We help people repair plastic
Playground Slide Repair
This procedure shows the step-by-step process for repairing a hole in a rotomolded polyethylene playground slide. This same technique can be used to repair a hole in any polyethylene product such as a kayak or a water storage tank. In this process we will use the nitrogen plastic welder in combination with the airless plastic welder. This repair could be done with the airless plastic welder alone, but the time required would be greatly increased.
This playground slide is typical of the kind of damage you find in playgrounds all over the place. The replacement cost for these components is prohibitively expensive. On this particular slide, just this one section of slide costs over $900!
Luckily, Polyvance's products can repair these slide components for a fraction of the cost of replacing. This step-by-step procedure shows how easy it is to repair over-priced, broken playground equipment.
Lay the 5010-4 patch over the damaged area and trace around the outer edge with a marker. In this case we used the entire 10"x10" piece of plastic. If your hole is smaller, cut the patch down to the smallest size that will cover the damage.
Using a jig saw, carefully cut the area out of the part where you will insert the patch.
To make the strongest repair possible, it is necessary to weld the back side of the patch. Because this playground slide is hollow, we need to cut a window out of the outer shell to get access to the backside. After the repair is finished, we will weld this window closed again.
Apply some 6485 aluminum tape in the corners. These will support the patch and keep it from falling through the hole.
Drop the patch into the hole. Shape it with a heat gun as necessary to match the curvature of the original part.
Tape along the edges of the patch with 6485 aluminum tape to hold it flush with the outer surface of the part. This tape will hold the patch in position while the back side is welded.
Using the nitrogen welder and the R04-04-03-NT polyethylene ribbon, weld the patch to the part on the backside. The ribbon should bridge across between the patch and the parent material to fuse the materials together all the way around the edge of the patch. Weld between the tape in the corners first, then remove the tape and finish the corners.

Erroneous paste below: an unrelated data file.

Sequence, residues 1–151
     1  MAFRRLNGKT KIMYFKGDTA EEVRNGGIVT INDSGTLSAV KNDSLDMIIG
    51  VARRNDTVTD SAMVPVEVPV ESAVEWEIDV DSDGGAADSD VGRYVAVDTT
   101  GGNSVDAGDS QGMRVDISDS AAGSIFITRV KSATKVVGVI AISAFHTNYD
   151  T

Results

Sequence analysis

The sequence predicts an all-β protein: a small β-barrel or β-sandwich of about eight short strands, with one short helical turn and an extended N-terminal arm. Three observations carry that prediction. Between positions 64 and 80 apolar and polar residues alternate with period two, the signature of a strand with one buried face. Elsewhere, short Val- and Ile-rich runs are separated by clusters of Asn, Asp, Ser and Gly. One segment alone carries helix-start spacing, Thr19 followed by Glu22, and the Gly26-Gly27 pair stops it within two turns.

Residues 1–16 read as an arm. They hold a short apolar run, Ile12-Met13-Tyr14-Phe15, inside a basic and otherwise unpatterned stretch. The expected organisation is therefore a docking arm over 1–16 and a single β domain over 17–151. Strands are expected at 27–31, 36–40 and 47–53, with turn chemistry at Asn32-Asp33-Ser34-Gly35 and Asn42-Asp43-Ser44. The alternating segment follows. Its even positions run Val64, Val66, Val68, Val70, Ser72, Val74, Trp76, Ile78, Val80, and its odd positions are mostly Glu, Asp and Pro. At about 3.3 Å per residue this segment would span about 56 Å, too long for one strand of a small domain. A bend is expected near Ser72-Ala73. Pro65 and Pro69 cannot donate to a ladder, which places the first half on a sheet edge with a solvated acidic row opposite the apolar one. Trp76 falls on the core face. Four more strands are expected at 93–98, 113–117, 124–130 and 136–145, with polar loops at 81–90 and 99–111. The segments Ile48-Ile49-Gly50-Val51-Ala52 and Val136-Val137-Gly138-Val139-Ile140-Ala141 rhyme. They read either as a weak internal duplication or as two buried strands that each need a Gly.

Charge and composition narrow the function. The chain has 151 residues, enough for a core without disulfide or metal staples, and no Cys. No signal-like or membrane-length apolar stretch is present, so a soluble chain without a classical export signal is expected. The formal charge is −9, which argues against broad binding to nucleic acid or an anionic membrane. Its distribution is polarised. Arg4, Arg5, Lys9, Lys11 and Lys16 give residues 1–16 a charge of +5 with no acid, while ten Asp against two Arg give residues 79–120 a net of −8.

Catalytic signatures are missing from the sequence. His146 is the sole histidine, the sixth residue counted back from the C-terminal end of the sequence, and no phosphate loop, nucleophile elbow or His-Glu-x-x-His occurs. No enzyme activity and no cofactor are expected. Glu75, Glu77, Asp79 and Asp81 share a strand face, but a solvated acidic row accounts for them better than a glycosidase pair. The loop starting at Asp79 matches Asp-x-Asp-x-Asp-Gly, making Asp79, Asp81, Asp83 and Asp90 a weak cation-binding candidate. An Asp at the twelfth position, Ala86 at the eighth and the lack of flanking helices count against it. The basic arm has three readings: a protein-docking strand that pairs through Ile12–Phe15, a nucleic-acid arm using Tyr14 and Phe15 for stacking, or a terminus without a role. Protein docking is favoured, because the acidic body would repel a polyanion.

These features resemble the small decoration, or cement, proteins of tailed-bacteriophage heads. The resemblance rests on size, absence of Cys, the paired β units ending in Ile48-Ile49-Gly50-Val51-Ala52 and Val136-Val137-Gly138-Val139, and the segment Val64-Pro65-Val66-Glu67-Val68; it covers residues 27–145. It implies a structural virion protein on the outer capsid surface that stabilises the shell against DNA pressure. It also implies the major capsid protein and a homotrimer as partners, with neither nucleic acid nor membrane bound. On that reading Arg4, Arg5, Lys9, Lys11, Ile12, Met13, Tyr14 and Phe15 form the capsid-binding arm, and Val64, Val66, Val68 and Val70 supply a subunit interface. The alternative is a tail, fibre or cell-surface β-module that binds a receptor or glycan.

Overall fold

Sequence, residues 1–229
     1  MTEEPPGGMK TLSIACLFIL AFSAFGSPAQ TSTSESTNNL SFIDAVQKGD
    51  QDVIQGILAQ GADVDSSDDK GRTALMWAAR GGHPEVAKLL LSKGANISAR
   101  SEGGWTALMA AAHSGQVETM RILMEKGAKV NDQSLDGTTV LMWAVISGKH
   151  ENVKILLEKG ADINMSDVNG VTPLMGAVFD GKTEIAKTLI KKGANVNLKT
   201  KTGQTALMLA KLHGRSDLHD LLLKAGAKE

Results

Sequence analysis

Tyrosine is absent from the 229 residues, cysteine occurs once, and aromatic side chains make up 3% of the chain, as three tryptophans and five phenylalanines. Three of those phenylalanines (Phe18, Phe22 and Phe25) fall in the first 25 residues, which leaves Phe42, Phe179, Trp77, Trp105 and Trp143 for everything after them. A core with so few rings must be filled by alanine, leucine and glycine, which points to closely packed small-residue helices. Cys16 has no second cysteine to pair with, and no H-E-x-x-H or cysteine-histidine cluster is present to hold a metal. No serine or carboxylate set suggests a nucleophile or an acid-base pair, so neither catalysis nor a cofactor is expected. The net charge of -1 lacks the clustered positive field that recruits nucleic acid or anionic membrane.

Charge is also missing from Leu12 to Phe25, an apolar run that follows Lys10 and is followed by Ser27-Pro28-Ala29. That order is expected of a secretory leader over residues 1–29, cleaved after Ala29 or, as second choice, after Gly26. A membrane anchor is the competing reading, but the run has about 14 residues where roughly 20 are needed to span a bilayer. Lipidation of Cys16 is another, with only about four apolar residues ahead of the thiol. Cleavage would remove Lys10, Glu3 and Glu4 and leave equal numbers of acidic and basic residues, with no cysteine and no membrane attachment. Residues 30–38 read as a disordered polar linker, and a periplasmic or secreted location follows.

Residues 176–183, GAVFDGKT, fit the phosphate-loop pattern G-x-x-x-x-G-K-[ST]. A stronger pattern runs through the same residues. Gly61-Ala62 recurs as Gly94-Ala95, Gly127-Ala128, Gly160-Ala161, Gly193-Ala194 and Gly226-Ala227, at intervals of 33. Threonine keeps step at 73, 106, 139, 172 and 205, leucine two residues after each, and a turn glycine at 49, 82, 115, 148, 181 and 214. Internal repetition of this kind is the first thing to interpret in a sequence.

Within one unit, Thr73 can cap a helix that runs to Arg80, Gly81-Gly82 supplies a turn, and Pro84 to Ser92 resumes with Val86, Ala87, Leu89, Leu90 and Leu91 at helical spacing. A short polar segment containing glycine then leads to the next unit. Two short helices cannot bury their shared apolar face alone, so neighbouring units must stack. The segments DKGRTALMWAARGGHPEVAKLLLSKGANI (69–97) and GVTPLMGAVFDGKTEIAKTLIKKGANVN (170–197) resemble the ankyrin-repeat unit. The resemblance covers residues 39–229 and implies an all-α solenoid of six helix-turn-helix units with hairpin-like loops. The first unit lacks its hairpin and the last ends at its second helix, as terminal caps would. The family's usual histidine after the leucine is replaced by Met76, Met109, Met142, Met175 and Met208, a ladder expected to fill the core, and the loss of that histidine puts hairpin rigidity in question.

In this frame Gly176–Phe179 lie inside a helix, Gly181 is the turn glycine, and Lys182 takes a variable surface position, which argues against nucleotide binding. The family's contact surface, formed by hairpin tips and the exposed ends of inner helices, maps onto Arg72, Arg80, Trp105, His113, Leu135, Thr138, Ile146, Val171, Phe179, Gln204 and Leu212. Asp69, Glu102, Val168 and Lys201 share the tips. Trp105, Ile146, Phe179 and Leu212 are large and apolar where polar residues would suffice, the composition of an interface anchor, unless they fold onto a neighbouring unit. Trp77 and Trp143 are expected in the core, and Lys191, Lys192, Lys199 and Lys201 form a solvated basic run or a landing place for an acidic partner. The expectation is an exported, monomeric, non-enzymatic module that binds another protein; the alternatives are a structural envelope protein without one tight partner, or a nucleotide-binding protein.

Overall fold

When finished, the ribbon should be welded all the way around the edge of the patch, fusing the patch and the parent material together as shown.
On the outer surface, use a 6122 carbide burr to grind a v-groove all the way along the outer edge of the patch.
Using the nitrogen welder, weld the R04-02-03-NT polyethylene round rod into the v-groove, fusing the two materials together as you make your pass.
While the weld is still hot, use the airless welder with the 6031 teardrop welding tip to smooth the weld. Focus the hot nitrogen gas onto the plastic just in front of the welding tip to heat the material. Move the airless welder very slowly and evenly to smooth the transition between the two plastics.
After the welds are completely cool, use 80 grit sandpaper to smooth the weld and feather it with the patch and the base material. If there are any low spots, weld again to fill, let cool, and sand again. After you are satisfied with the smoothness of the patch, then sand with 180 grit and 320 grit sandpaper to reduce the coarseness of the sandscratches.
The surface can be further smoothed using a heat gun to melt the surface "fuzz". When finished, weld the window you cut out of the outer shell.